Monday, June 02, 2008

Can the Price of Oil Return to $70?

Buenos Aires, Argentina May 30, 2008

*** Four months ago China was brought to its knees in the face of the most ferocious meteor of the last 50 years, succumbing to its vulnerability to the uncontrollable and unmanageable force of nature. Today those knees have been literally broken after another dramatic and uncontrollable event for China: a devastating earthquake in Sichuan province, in the South West that killed and buried more than 56,000 people (and that number is rising every day…), injured 300,000 and 30,000 are still missing.

China normally enjoys a position of worldwide domination and control when it comes to internal policies that silence their opponents, and the development of an economy that exports deflation, and in protecting its industry and monetary competitiveness. However, in the face of these natural disasters, China find it can do little more than kneel and beg for aid from the very world it attempts to dominate whenever possible.

Chinese agriculture has once again been adversely affected in Sichuan as well as in other zones of disaster in the last few months. 34,000 hectares of farmland and irrigation systems have been destroyed in some areas: ““up to 100,000 hectares of rice paddies might have to be used to grow alternative crops”, the China Daily reported. Additionally, farming machinery and facilities have been damaged and 12.5 million head of poultry and livestock has been killed….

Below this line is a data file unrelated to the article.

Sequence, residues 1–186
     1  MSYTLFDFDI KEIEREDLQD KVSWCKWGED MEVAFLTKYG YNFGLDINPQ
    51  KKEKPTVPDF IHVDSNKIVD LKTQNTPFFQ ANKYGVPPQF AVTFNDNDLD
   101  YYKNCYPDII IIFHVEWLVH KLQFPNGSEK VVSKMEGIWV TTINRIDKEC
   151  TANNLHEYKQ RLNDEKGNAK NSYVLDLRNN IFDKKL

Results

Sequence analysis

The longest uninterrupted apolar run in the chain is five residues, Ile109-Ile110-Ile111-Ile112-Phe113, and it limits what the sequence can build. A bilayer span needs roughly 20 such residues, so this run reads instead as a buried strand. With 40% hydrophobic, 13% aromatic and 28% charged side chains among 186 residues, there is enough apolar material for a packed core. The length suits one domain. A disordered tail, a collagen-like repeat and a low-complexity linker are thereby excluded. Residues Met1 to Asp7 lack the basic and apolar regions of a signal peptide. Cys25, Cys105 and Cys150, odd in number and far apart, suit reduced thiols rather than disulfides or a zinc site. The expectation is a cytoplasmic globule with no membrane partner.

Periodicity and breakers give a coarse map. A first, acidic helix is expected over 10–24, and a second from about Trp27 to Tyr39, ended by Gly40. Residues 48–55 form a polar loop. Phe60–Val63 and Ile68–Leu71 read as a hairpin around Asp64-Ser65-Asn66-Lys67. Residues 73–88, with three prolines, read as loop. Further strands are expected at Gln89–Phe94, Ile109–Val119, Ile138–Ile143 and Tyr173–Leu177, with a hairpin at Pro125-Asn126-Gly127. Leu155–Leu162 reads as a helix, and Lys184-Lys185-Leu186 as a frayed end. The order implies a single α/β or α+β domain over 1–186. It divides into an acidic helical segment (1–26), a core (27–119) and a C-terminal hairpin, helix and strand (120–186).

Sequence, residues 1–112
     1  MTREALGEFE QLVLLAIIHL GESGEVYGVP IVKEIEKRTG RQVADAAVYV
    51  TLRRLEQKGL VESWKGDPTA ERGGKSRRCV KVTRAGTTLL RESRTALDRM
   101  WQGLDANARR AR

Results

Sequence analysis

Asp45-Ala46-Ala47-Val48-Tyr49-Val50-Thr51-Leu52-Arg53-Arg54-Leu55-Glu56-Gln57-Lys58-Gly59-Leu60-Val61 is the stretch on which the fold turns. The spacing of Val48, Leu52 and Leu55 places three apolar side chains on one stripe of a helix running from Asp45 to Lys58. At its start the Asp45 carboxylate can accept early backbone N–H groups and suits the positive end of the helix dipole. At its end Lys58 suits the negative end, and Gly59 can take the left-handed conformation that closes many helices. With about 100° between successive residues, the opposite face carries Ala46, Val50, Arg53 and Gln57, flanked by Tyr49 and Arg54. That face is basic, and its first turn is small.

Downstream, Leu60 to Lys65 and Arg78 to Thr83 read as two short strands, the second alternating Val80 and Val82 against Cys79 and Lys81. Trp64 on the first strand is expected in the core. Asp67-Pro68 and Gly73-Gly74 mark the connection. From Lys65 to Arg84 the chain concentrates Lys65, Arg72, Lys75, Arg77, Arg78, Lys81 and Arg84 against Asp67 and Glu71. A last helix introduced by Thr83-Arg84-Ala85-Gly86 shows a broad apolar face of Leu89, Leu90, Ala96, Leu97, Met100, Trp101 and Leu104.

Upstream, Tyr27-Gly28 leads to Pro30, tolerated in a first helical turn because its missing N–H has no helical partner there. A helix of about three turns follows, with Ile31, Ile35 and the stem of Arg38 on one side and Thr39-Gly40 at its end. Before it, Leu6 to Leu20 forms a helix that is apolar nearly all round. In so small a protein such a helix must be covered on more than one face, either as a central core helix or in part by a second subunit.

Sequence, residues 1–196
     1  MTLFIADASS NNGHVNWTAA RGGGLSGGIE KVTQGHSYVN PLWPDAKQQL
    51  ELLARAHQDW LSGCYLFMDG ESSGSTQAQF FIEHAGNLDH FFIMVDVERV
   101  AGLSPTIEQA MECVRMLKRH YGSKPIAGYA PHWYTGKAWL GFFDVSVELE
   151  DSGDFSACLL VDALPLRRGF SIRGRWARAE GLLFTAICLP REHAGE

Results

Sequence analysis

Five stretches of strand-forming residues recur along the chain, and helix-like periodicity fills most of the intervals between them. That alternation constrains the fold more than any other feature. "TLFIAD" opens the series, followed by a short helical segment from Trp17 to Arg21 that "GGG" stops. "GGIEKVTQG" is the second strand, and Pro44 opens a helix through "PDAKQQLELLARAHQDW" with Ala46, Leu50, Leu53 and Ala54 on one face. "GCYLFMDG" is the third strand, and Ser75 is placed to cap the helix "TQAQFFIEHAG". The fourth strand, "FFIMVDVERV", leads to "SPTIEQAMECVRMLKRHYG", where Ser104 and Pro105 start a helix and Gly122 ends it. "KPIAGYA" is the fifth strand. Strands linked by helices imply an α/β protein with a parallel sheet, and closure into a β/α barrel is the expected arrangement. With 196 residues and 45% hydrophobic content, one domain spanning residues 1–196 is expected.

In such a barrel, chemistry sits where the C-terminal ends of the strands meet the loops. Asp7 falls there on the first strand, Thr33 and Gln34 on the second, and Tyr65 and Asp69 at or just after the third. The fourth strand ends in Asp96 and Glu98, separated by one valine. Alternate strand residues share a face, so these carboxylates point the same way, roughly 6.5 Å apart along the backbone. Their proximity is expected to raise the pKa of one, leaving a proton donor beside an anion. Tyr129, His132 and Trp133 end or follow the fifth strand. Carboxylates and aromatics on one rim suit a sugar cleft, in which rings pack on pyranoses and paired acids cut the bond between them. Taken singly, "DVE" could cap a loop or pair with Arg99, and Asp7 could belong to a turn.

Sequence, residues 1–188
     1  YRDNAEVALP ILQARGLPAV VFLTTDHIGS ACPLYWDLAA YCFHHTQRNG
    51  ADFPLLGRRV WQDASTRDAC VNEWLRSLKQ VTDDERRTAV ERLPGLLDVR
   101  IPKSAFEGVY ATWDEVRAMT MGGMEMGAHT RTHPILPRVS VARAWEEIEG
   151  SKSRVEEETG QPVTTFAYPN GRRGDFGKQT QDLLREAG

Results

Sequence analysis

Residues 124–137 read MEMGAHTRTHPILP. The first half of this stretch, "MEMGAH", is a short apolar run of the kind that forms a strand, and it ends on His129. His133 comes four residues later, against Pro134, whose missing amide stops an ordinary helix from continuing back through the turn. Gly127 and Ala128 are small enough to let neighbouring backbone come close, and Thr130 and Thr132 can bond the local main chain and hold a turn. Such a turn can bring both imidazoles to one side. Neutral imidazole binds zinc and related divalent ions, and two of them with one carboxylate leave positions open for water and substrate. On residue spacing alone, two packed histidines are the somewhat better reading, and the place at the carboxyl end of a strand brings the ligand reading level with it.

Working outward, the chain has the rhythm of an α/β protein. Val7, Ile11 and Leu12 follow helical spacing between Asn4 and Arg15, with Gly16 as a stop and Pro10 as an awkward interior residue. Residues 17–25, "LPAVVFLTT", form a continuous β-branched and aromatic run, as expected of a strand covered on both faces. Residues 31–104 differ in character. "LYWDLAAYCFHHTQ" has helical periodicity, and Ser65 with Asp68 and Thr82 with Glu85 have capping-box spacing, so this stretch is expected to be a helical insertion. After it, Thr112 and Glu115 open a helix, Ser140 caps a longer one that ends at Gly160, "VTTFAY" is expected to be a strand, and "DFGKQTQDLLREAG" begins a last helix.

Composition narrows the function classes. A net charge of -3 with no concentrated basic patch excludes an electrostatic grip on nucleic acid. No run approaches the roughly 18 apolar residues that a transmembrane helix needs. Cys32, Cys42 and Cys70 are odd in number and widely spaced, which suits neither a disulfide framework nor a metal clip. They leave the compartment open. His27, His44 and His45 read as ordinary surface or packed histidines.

As the country’s leading agricultural province, Sichuan provides 6% of the nation’s total grain output which includes 5% of the national total summer grain production, 8% of the total vegetable oil crops and 5% percent of the total vegetable production, said Wei Chao’an, Vice Agriculture Minister, speaking to the China Daily.

China food inflation surged to 22% in April. Through enacting price controls in areas hit by these disasters, the government is trying to cap inflation, that came in at 8.5% for April.

It is important to note that China has also been imposing agricultural export restrictions, increasing tariffs and imposing export quotas after inflation skyrocketed to its highest level in 12 years during February while at the same time 40% of the country’s inflation comes from the international price increases, according to Chinese economists.